Adaptive design has multiple fixed layout sizes. When the site detects the available space, it selects the layout most appropriate for the screen. For example, if the app is opened on a mobile device the site chooses the best layout for that screen. In adaptive design, it’s normal to develop six designs for the six most common screen widths; 320, 480, 760, 960, 1200, and 1600 pixels.
Native mobile apps are the most common type of app. They are built for specific platforms (i.e. Apple or Android) and are written in languages that the platform accepts. For example, Swift and Objective-C for native iOS apps and Java or Kotlin for native Android apps. Most companies will invest in native mobile app development because of the many benefits offered in comparison to other types of apps.
Native App Design Considerations
Native app design is centered around what is known as interaction design. For this to be successful it is imperative to have a thorough understanding of your users, their pain points, and what solution this app will provide. After pinpointing the task a user wants to accomplish, you can easily design the right user flow and user journey to guide the user through the app.
Use Familiar Gestures
Implementing gestures into your app design is a good method for creating shortcuts for navigation and key functions. However, introducing new user gestures in the UI that aren’t familiar can result in a learning curve. It is important to implement standard gestures so they are consistent with other apps. Some of these gestures include double-tap, touch-and-hold, and pinch.
Also, invest in researching user motion patterns on their devices. Users hold their devices in different ways, understanding what motions they make and discovering the most accessible locations on the screen ensure for a comfortable experience. Placing an important function in an area that is hard to reach for example may be detrimental to the overall functionality of the app.
Keep Content and Interface Elements to a Minimum
Carefully and thoughtfully select the functions and features your app requires. Filling your interface, with unnecessary buttons, images and icons can burden users with too much information. As there isn’t as much real estate on mobile devices as there is on desktops, it’s essential to get rid of anything that isn’t key to the functionality of the app. In other words, if it doesn’t help the user achieve their end goal, cut it out. This will ensure your users find your app easy to comprehend, allowing them to see a clear-cut purpose to your product.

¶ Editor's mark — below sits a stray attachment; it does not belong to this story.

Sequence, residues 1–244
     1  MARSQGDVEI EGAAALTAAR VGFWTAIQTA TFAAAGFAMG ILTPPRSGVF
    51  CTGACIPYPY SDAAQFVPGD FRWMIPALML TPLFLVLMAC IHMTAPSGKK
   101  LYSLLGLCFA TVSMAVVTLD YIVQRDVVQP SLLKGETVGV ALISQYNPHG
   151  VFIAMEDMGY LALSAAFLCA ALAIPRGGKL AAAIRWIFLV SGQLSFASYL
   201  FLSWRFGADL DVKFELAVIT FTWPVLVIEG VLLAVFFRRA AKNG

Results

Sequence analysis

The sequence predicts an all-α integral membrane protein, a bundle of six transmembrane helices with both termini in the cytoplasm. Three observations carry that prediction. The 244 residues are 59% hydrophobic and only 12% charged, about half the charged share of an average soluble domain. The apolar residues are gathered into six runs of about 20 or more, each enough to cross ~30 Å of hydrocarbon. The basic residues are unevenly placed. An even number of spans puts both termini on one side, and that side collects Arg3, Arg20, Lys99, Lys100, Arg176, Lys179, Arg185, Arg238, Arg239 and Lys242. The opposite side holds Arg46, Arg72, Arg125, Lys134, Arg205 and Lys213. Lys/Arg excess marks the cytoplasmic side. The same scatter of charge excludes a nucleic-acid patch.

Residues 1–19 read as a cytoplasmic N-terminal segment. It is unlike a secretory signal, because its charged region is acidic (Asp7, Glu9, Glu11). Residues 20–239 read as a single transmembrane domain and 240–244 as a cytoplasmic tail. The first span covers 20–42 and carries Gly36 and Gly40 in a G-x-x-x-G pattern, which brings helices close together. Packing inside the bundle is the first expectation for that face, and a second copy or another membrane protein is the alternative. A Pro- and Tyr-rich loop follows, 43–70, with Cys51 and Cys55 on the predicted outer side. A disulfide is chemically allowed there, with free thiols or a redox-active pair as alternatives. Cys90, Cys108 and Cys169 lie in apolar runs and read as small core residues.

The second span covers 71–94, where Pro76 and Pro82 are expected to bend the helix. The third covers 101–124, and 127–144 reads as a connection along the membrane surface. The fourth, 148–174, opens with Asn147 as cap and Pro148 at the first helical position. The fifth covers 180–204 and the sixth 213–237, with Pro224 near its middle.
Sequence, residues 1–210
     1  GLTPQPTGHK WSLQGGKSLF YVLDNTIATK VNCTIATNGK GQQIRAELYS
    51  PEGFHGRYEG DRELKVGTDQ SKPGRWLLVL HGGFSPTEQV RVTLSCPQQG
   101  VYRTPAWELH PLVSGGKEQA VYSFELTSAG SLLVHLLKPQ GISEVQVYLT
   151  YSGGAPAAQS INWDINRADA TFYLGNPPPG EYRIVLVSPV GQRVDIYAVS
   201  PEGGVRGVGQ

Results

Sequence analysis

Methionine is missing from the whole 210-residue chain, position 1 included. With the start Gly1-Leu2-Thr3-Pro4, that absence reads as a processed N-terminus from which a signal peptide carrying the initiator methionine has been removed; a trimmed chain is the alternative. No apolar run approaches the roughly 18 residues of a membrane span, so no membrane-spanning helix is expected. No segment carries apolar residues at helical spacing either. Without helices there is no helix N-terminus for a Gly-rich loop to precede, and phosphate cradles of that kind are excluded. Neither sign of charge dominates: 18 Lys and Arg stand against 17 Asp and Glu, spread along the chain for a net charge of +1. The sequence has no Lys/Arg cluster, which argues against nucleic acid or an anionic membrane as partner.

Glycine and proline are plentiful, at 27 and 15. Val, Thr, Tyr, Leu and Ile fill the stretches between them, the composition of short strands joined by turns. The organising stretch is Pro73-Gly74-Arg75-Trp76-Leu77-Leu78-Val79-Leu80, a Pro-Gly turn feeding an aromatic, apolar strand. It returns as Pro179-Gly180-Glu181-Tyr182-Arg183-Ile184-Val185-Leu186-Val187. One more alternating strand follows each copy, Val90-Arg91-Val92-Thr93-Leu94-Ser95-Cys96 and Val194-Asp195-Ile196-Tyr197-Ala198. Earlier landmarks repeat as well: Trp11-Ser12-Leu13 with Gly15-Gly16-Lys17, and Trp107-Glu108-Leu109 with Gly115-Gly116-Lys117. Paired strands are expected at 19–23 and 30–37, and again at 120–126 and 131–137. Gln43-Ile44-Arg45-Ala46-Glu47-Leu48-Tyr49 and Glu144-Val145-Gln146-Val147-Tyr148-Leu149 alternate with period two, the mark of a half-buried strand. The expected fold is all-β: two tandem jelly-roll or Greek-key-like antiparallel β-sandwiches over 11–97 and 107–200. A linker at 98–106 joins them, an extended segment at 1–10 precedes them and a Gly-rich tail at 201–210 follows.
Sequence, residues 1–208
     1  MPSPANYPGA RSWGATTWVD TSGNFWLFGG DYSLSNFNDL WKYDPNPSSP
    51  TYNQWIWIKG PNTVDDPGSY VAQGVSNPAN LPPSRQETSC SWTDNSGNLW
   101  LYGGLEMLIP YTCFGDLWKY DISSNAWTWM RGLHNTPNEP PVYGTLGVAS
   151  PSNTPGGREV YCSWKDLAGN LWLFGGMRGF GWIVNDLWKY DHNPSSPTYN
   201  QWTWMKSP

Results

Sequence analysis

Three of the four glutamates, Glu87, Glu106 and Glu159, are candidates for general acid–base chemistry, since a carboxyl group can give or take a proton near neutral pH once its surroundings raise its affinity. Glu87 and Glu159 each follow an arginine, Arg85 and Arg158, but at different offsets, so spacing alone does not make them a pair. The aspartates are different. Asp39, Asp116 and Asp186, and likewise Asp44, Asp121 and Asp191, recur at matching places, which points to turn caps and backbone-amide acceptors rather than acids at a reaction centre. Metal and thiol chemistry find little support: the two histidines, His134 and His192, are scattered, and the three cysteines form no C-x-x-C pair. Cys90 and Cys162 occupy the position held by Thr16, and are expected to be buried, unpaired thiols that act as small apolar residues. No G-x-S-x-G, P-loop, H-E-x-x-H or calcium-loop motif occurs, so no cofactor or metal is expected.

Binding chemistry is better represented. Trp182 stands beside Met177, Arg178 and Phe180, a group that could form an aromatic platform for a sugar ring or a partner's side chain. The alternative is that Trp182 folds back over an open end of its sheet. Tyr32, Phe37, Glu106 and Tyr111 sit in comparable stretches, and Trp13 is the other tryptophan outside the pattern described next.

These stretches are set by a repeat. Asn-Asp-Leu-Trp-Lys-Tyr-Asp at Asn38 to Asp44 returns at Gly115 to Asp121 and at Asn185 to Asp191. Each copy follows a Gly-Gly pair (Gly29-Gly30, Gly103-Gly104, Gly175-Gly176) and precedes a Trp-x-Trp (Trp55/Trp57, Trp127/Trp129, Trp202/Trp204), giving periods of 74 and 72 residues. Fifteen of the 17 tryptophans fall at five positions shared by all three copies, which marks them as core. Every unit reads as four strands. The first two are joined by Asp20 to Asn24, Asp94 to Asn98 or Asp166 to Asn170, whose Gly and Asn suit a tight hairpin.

Minimize User Input
For many users, entering any information into an app (be it registration, or filling out a form) is a tedious process. Due to the size of the keyboard displayed, the majority of provided information is riddled with errors which leads to further frustration. The simple fix is to minimize user input. Eliminate the need for unnecessary registration forms, and other elements that require user input. If this is necessary to your app, however, there are some best practices that can be implemented to make the process smoother. Try to keep forms as short as possible by removing any unnecessary fields. The app should ask for only essential information from the user. As a final step to avoid added frustration, implement autocomplete features and dynamically validated fields, as these will ensure information is correct before being submitted.
While there are commonalities, there is also a distinct difference in how mobile apps and web apps should be designed. It is important to first and foremost have a deep understanding of your target users and their pain points. Identifying their needs will guide you towards the approach that fits your needs. Keep in mind that native apps and web apps serve different purposes which dictate design elements and functionalities.
Above all, it is important to remember that mobile app development is an iterative process. Implementing the design considerations above into your app should be a starting point to continued testing. Use the provided data and user feedback to continually improve your design and overall experience.